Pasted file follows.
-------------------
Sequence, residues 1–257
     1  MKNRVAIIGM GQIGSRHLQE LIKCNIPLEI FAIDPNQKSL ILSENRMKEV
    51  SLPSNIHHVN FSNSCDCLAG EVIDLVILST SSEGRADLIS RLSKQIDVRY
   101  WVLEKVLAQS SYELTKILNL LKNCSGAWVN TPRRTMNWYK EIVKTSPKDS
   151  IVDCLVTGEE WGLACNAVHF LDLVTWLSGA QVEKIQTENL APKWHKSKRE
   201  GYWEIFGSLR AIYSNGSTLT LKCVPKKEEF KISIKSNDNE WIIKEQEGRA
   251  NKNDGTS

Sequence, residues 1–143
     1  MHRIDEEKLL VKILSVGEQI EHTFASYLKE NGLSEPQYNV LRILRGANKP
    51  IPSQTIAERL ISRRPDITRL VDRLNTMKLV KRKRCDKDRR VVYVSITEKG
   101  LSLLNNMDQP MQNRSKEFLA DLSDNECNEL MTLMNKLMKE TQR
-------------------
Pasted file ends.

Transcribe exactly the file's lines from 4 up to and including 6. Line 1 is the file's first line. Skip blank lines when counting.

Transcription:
   101  WVLEKVLAQS SYELTKILNL LKNCSGAWVN TPRRTMNWYK EIVKTSPKDS
   151  IVDCLVTGEE WGLACNAVHF LDLVTWLSGA QVEKIQTENL APKWHKSKRE
   201  GYWEIFGSLR AIYSNGSTLT LKCVPKKEEF KISIKSNDNE WIIKEQEGRA